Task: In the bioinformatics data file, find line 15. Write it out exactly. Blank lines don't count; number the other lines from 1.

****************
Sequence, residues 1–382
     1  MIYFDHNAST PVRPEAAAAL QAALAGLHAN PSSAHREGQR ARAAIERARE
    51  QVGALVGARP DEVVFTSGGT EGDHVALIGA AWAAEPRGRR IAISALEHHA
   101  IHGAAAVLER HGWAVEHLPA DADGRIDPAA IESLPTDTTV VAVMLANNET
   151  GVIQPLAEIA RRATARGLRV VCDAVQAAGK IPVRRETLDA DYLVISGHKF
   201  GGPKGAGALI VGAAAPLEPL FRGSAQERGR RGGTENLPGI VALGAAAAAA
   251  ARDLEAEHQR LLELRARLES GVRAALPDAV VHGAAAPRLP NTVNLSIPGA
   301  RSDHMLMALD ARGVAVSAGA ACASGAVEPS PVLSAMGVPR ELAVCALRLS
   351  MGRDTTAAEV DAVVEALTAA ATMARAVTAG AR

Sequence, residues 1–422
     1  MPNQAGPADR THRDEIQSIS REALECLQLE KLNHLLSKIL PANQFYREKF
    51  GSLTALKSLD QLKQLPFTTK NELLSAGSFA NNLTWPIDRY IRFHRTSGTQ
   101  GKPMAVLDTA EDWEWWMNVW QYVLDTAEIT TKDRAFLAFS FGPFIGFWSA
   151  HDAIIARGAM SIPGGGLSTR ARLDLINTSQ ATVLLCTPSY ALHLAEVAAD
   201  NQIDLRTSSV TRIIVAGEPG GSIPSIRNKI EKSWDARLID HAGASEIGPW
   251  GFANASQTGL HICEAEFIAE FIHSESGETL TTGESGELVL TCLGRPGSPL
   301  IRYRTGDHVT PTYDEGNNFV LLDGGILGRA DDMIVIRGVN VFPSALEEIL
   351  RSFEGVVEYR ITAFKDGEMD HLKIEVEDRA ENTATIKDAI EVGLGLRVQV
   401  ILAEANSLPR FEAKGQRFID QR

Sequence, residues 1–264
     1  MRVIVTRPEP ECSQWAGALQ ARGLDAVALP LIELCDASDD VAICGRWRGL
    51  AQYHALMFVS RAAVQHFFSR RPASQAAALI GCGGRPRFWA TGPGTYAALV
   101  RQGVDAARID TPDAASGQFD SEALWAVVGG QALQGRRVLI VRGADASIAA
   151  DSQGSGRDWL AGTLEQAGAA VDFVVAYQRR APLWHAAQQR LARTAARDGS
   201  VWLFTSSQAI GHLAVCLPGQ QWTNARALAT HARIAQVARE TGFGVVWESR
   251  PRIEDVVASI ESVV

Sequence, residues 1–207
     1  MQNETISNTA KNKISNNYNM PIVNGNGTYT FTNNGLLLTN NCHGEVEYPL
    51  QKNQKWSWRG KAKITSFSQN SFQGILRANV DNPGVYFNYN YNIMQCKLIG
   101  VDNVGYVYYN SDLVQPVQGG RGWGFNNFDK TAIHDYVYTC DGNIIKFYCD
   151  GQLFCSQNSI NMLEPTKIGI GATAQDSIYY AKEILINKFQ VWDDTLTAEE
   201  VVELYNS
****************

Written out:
   201  NQIDLRTSSV TRIIVAGEPG GSIPSIRNKI EKSWDARLID HAGASEIGPW